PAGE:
People love to share their advice, but how do you know which to follow? Here Inc. columnists share how to sort good from bad.
Feedback and advice can be helpful when you are trying to break new ground. But not all advice is useful or appropriate. You want to be open to learn and adapt, but not all advisors are equal, or appropriate.
In my own case, advice is already pouring in on my new radio show. Much is coming from professionals with decades of experience. Some is coming from interested friends and some from listeners through social media. My job is to sort through and apply the guidance that will actually achieve my objectives. If it were only clear which are pearls of wisdom and which will create disasters. It's nearly as challenging as sorting through the reviews in a 3 star restaurant entry on Yelp.
My approach (like with Yelp) is to weigh and consider all of the advice and question it carefully. What are the experience and motives behind the advisor? Do they truly understand my objectives and the context around the project? I gravitate toward the advice that runs counter to my thinking. Even though I may not use it, just the exploration of that conflict in my head makes me justify the ultimate decision I make. Regardless, I give respect to all willing to share their opinions. And I do retain the information to consider later if I head down what turns out to be the wrong path.
Here are additional insights from my Inc. colleagues.
1. Get Advice from Several People
Don't confuse advice for fact. It is one person's opinion based on their unique perspective and prior experiences. When you look for advice always talk to multiple people. Make sure to include those who will likely have opposing views and strive to understand what motivates the advice an individual is providing. Is their advice based on a similar experience or because they might have something to gain? I measure the advice I receive against my unique perspective to formalize my own move forward decision. You must always remember that only you have the proper perspective on what should be done next and will live with the impact of the decision that is made. Eric Holtzclaw--Lean Forward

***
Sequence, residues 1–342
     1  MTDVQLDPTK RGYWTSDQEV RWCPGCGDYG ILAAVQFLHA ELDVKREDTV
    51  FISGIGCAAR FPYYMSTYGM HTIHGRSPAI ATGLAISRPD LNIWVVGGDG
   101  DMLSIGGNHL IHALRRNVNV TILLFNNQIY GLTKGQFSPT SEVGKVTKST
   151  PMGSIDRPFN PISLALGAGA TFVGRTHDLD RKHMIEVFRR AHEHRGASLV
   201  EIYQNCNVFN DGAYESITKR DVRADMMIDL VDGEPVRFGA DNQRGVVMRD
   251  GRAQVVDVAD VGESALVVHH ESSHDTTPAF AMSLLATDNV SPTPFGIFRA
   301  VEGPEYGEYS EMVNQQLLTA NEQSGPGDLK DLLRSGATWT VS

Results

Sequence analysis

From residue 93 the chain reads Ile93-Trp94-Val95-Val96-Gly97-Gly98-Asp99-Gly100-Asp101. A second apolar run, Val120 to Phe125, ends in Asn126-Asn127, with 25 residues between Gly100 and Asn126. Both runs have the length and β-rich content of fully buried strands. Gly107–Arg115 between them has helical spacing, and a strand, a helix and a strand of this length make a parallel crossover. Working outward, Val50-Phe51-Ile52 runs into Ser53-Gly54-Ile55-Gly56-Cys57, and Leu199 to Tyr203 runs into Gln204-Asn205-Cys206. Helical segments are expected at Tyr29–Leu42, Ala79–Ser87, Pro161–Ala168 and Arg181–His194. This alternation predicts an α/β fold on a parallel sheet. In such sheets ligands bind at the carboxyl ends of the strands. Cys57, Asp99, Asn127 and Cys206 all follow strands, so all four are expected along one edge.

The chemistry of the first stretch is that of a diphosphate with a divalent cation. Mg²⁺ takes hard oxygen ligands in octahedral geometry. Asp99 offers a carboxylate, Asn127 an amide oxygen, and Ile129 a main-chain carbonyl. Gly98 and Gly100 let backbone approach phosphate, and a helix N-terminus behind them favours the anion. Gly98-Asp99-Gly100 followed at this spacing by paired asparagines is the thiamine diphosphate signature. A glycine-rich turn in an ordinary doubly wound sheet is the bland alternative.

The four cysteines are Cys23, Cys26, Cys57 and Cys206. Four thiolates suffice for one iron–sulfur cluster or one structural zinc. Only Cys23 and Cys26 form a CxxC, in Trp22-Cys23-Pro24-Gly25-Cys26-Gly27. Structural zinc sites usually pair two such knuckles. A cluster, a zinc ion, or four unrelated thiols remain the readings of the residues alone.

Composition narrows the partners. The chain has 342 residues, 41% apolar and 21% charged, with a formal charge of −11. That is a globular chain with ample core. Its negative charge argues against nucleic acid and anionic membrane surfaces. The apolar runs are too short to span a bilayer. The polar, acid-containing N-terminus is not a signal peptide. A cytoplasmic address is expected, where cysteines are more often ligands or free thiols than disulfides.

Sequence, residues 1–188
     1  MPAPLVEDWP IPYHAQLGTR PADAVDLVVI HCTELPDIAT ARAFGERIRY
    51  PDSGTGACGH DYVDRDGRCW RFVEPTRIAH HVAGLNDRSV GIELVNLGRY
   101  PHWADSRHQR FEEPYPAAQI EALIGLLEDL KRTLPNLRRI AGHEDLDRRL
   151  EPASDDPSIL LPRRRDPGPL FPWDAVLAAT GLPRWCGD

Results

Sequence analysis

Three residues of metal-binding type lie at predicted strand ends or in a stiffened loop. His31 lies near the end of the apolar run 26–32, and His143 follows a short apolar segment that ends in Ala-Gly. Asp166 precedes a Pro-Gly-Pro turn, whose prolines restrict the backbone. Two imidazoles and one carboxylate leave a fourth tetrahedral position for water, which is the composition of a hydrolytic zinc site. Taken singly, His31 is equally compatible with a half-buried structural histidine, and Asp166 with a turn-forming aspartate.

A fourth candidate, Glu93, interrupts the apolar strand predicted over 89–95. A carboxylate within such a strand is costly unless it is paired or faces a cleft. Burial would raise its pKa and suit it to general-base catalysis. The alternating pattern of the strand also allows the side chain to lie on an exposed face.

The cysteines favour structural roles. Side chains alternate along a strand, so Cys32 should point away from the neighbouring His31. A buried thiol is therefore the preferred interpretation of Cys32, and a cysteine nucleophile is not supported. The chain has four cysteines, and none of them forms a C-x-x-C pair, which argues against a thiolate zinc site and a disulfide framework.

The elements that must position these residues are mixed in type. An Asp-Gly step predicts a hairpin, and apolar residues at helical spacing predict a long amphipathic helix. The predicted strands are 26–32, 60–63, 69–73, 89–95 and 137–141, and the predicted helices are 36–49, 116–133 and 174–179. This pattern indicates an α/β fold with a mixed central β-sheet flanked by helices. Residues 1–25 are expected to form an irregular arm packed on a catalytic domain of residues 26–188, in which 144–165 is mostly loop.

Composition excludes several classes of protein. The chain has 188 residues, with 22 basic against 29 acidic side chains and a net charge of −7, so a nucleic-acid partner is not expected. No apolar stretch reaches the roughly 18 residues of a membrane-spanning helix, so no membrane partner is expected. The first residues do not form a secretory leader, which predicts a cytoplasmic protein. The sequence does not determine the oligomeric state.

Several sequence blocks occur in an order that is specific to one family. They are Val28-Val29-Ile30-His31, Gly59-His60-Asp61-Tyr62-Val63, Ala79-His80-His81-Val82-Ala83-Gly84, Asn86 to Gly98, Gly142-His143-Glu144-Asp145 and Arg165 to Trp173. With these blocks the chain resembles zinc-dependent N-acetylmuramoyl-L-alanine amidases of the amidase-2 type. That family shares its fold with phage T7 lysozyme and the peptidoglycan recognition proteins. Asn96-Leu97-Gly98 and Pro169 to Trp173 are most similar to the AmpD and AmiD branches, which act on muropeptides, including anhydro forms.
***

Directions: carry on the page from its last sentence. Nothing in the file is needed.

When I became president of ASJA, I emailed two board members encouraging them to share their opinions. Why? Though I respected them deeply, they were the two I most often disagreed with. I had a second-in-command who generally agreed with me, and knew I needed other perspectives. Months later, I learned my second-in-command was secretly lobbying against my agenda. One of those board members advised me to bring the conflict into the open. I did, although open confrontation isn't usually my style. It turned out to be the quickest way to get back on track. Moral: Treasure those you respect but disagree with--they are your most valuable advisors. Minda Zetlin--Start Me Up
I can honestly say that anytime I've followed poor advice, deep down inside I knew I was doing the wrong thing. Extreme emotions such as excitement and fear are like blinders that contribute to poor choices. At a subconscious level, we all know what's best for our business and us, but we can't always access that information on our own. So we turn to the experts: mentors, coaches, the next-door neighbor. Don't jump the gun on their input. Instead evaluate it using data, logic and most importantly, your intuition. Tune into your heart or gut or wherever you "feel" things and you won't go wrong. Marla Tabaka--The Successful Soloist
In my experience, everyone wants to tell you how to run your business--from your employees to your customers to your friends and family. While all of this advice may be well-meaning--and some of it might be good--chances are a lot of this unsolicited advice may do little or nothing to help you achieve your goals, and some if followed may actually throw you and your business off track. The key to getting the best advice possible is to ask for it when you need it, and to specifically limit the "ask" to someone who is an expert on the topic or who has been through what you and your company are going through and can offer lessons learned. Organizations like Entrepreneur's Organization (EO) and Young President's Organization (YPO) are extremely valuable sources of peer advice by way of their member forums. Peter Economy--The Management Guy